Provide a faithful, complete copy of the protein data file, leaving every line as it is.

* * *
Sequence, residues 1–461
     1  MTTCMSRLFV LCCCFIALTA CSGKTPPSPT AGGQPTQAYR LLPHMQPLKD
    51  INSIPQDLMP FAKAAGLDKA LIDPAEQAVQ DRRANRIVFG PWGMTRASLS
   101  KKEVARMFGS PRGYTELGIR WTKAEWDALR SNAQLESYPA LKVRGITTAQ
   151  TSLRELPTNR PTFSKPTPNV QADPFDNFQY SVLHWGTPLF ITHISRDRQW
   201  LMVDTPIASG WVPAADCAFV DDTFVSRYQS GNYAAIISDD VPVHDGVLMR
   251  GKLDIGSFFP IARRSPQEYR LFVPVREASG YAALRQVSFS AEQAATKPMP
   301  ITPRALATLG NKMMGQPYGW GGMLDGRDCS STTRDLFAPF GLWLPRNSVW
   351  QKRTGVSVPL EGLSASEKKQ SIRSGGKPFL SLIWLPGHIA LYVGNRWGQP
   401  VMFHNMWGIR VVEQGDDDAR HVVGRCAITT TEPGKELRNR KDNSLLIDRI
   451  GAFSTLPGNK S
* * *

Sequence, residues 1–461
     1  MTTCMSRLFV LCCCFIALTA CSGKTPPSPT AGGQPTQAYR LLPHMQPLKD
    51  INSIPQDLMP FAKAAGLDKA LIDPAEQAVQ DRRANRIVFG PWGMTRASLS
   101  KKEVARMFGS PRGYTELGIR WTKAEWDALR SNAQLESYPA LKVRGITTAQ
   151  TSLRELPTNR PTFSKPTPNV QADPFDNFQY SVLHWGTPLF ITHISRDRQW
   201  LMVDTPIASG WVPAADCAFV DDTFVSRYQS GNYAAIISDD VPVHDGVLMR
   251  GKLDIGSFFP IARRSPQEYR LFVPVREASG YAALRQVSFS AEQAATKPMP
   301  ITPRALATLG NKMMGQPYGW GGMLDGRDCS STTRDLFAPF GLWLPRNSVW
   351  QKRTGVSVPL EGLSASEKKQ SIRSGGKPFL SLIWLPGHIA LYVGNRWGQP
   401  VMFHNMWGIR VVEQGDDDAR HVVGRCAITT TEPGKELRNR KDNSLLIDRI
   451  GAFSTLPGNK S